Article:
The proposed day and night limits are in part designed to facilitate the use of turbines that utilize now-standard “noise reduced operation” at night when needed; NRO settings change the blade angles to reduce noise (and, to some degree, power output) by about 3dB. (See this PSB letter discussing its final proposal, including responses to comments submitted on the draft.)

While lower sound limits will surely help reduce the extent of complaints, noise violations are complex to enforce; this is why setback limits are often used as a way to achieve similar aims. The challenge there is that setbacks don’t account for situations (topography and wind direction) that can reduce noise levels, so they can be overly restrictive. The PSB aimed to counter this concern by incorporating a process whereby the setback requirements could be reduced if the wind company showed they could do so without exceeding the noise standards. But the legislative oversight committee rejected this approach, opting to rely solely on noise limits.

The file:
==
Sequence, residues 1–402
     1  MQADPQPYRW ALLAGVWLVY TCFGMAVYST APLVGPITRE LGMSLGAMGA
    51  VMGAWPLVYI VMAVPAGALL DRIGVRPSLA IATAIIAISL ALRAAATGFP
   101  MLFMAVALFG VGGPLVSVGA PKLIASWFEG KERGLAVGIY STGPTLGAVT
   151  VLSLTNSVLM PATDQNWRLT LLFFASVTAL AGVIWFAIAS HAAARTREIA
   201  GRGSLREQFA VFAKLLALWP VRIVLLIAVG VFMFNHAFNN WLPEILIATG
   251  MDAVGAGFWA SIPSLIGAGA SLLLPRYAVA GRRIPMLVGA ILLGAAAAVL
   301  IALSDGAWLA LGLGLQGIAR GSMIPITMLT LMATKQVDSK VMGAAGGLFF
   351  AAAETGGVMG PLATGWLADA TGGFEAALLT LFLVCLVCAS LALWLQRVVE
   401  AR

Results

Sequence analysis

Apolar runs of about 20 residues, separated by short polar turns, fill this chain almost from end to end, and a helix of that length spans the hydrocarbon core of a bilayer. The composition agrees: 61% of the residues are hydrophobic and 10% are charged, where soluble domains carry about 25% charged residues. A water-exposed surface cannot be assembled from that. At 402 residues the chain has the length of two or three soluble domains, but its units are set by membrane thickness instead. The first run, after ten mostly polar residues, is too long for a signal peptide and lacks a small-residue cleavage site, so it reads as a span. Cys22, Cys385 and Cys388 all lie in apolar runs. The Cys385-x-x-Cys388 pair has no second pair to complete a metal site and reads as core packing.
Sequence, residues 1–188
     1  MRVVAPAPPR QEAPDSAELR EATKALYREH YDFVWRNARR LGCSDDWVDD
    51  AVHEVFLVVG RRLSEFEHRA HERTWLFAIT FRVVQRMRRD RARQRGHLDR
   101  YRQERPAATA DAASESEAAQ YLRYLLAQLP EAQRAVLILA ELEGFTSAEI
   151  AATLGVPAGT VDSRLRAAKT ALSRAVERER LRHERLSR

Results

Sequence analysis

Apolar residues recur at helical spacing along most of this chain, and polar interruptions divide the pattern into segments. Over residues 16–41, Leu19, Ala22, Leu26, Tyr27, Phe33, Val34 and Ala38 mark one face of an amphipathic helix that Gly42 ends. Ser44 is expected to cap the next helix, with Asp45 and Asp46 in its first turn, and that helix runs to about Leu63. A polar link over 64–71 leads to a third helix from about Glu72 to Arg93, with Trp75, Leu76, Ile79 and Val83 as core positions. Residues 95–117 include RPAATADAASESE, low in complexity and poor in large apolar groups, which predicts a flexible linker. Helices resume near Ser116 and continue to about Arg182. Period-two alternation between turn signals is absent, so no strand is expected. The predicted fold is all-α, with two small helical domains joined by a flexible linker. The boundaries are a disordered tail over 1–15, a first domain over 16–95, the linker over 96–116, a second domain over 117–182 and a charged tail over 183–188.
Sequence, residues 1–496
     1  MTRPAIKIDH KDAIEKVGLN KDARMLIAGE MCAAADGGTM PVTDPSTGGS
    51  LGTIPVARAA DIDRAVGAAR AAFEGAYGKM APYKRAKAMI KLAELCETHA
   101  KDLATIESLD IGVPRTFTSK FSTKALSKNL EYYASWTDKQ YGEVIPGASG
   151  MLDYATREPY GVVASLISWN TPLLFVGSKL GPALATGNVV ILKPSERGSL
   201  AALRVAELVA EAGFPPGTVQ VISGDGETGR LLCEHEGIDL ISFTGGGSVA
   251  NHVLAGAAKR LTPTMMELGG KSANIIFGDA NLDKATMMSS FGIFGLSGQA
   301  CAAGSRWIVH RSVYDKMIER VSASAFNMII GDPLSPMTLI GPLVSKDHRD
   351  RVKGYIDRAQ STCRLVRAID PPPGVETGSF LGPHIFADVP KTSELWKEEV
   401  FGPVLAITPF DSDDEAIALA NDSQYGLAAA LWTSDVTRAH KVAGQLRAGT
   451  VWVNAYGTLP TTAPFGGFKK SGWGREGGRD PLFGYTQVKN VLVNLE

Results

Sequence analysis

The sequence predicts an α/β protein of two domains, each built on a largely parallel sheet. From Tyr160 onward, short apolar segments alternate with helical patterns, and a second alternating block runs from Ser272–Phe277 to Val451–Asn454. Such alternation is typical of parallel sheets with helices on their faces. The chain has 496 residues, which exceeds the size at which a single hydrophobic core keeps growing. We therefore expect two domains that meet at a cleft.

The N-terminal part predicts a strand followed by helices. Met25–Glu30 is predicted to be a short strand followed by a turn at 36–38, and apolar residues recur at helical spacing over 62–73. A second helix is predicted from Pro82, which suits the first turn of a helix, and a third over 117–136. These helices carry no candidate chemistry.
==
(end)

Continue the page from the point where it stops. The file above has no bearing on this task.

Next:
As a practical matter, achieving the 39dB limit will require setbacks of several thousand feet in most cases. This has caused wind advocates to decry the change, claiming that ridgetop energy will be effectively banned. Margaret Cheney, a member of the PSB (which changed its name in July to the Public Utility Commission) stressed that the rules as proposed should not stop wind development and that they would not have offered standards that would do so. The PSB/PUC believes that wind developers can take advantage of the “participating landowner” provisions to negotiate agreements with neighbors who live close enough that the 39dB limit may be difficult to meet. As the PSB letter noted, “It is the Board’s goal that more ‘buy-in’ from neighbors during the planning process will lead to projects with more support and less controversy.”